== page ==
Another one of those themed multiartist Verve compilations: Talkin' Verve With A Twist, 1997. The theme of this one seems to be lounge jazz, as was popular back at the turn of the century. Oh, we Gen X-ers do love our irony.
Like the Cool volume, Verve's compilers seem to have felt it necessary to dip into their non-Verve-proper holdings to make this work. About half of everything here was originally released on Mercury, Metro, MGM, or Fontana. I don't know enough to know if that means anything, except that perhaps Verve's releases in the '60s, while working - pioneering? - the same pop-jazz territory, still had more jazz cred than these other labels' offerings. I dunno.
In any case, these are pretty straight pop, with enough horns to fool you for a moment or two, but usually no real improvisation. So it's as pop that most of it has to be judged. Some of it is okay: the Xavier Cugat numbers are pleasant, Art Heatlie and the Electric Saxophone's take on "Peter Gunn" is fun, Willie Bobo's "It's Not Unusual" is as awesome as you think it will be. And some of it is dire: poor Stan Getz tootling through "Marrakesh Express," Blossom Dearie embarrassing all within hearing with "Blossom's Blues" - I feel like I need to add a few extra sets of quotation marks to that last one just to distance myself from any assumption that I might accept it as a blues...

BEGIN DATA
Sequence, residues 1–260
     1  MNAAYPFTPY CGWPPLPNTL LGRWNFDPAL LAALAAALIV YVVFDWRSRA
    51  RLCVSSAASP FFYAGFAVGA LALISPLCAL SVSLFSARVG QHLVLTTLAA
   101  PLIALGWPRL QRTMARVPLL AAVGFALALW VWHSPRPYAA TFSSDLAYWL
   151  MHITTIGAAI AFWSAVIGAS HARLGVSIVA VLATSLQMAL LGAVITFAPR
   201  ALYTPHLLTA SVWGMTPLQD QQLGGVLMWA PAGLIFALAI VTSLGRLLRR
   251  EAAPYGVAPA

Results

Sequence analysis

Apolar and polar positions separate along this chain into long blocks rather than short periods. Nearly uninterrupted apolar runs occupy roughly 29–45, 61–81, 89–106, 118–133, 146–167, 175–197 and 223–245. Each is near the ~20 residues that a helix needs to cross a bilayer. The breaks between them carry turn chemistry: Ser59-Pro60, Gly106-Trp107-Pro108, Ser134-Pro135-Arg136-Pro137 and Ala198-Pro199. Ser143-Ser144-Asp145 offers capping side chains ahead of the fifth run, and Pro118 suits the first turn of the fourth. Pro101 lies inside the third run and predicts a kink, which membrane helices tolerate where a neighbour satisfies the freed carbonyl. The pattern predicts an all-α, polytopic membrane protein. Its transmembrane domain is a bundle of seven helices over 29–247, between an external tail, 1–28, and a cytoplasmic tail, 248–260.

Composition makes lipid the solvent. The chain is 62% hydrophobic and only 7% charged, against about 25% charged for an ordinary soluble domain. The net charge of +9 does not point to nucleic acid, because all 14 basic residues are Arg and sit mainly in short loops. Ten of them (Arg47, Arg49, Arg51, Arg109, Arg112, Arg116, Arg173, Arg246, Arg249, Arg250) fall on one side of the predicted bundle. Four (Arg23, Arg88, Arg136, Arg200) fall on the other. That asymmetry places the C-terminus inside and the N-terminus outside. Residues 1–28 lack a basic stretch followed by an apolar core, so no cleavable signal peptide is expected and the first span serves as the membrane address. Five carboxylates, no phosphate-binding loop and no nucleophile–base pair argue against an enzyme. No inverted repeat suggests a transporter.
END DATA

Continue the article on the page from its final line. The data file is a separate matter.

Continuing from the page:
Quotation marks. The liner notes, by John Corbett this time, are a doozy, imagining a turn-of-the-century hipster drinking cocktails and reading Susan Sontag's "Notes On Camp."
Literally - that's the conceit. It's a valiant try, but in the end it just makes my head hurt. I'm of the generation raised on camp and irony, so that I, like I suspect most of the people I know, sometimes can't figure out whether I really like something or just "like" it, or whether there's any difference at all... But Sontag's essay has never proved particularly helpful to me in sorting through these issues, and Corbett's, while kind of entertaining, just feels weird. Like, does he think this music is worth re-releasing or not? Does it have any musical value, anything to offer that's worth taking out of the quotation marks? I can't tell from his essay. Maybe he assumed none of his readers would care. But I do.